General Motors is expected to release the details of its COVID-19 vaccination plan to its workers sometime this month.
Company spokesman David Caldwell confirmed to The Detroit Free Press this week that GM is currently talking to the state health department and other government sectors on how it will distribute the COVID-19 vaccine to its employees in the United States. The company is also taking questions from employees on the COVID-19 vaccine and answering them through its internal communication channels.
“Throughout the pandemic GM has communicated health and safety guidance to employees — including a series of videos and Q&As on topics like masks, workplace safety protocols, flu shot processes and more,” Caldwell told the Free Press in an interview. “That will continue in the coming weeks, including our plan for employees and vaccines.”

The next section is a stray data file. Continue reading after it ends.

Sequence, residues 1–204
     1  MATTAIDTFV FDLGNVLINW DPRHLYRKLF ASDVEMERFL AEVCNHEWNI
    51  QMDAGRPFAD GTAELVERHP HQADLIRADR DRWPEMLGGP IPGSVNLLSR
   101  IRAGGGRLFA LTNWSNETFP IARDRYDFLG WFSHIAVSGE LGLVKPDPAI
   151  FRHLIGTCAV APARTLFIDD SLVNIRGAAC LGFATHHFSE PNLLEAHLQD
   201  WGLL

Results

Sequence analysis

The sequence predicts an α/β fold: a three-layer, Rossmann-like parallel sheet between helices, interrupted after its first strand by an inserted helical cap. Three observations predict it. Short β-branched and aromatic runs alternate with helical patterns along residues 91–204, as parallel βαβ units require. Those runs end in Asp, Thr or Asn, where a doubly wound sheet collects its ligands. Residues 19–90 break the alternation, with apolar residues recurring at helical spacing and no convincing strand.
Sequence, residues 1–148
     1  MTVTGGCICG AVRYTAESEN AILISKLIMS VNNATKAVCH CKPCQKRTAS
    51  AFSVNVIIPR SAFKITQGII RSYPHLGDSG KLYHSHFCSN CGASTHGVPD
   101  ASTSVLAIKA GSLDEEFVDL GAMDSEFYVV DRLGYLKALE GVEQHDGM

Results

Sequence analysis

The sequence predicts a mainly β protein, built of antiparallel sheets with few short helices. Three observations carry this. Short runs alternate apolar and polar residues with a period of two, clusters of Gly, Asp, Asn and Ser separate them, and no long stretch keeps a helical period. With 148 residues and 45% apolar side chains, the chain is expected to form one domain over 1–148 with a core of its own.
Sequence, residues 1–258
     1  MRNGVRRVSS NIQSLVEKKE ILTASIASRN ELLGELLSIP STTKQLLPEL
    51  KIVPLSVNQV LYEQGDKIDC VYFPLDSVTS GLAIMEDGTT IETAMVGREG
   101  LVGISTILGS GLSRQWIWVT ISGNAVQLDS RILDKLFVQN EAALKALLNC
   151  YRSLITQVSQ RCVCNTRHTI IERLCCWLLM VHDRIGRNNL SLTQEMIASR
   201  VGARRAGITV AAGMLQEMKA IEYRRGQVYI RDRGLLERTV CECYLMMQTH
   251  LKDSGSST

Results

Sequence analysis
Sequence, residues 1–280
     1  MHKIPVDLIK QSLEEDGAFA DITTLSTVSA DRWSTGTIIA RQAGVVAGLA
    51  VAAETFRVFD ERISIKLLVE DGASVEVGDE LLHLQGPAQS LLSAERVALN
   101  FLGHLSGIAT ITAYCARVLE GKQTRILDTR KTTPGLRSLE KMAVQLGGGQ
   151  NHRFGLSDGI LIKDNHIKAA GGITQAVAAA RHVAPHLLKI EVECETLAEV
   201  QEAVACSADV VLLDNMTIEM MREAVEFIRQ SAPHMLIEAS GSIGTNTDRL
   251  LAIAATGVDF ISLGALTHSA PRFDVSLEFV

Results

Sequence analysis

GM’s crosstown rival Ford recently purchased 12 ultra-cold freezers that are capable of safely storing the Pfizer Inc. COVID-19 vaccine, as both the Pfizer and Moderna vaccines must be stored at a lower-than-usual temperature of around -70 degrees celsius (-94 degrees Fahrenheit). GM has not ordered any freezers yet, Caldwell explained, as not all potential COVID-19 vaccines will require this storage method.
“At this point, we’re not purchasing special equipment,” he said. “At least not until we know the type of vaccine likely to be distributed in certain areas, as not all vaccines require special equipment.”
GM has not indicated if it will encourage or incentivize its employees to receive a COVID-19 vaccination, though Caldwell said it plans to “encourage” its employees to get one once it becomes available. He also said GM will not make COVID-19 vaccination mandatory for its employees.
GM assembly plants reopened in May following the initial COVID-19 lockdown earlier in the year. The automaker distributed a 40-page handbook to employees outlining ways to prevent the spread of COVID-19 while at work, which included guidelines on social distancing and PPE. GM has managed to prevent any major outbreaks at its assembly plants, though a small number of its blue-collar employees have still tested positive for the virus.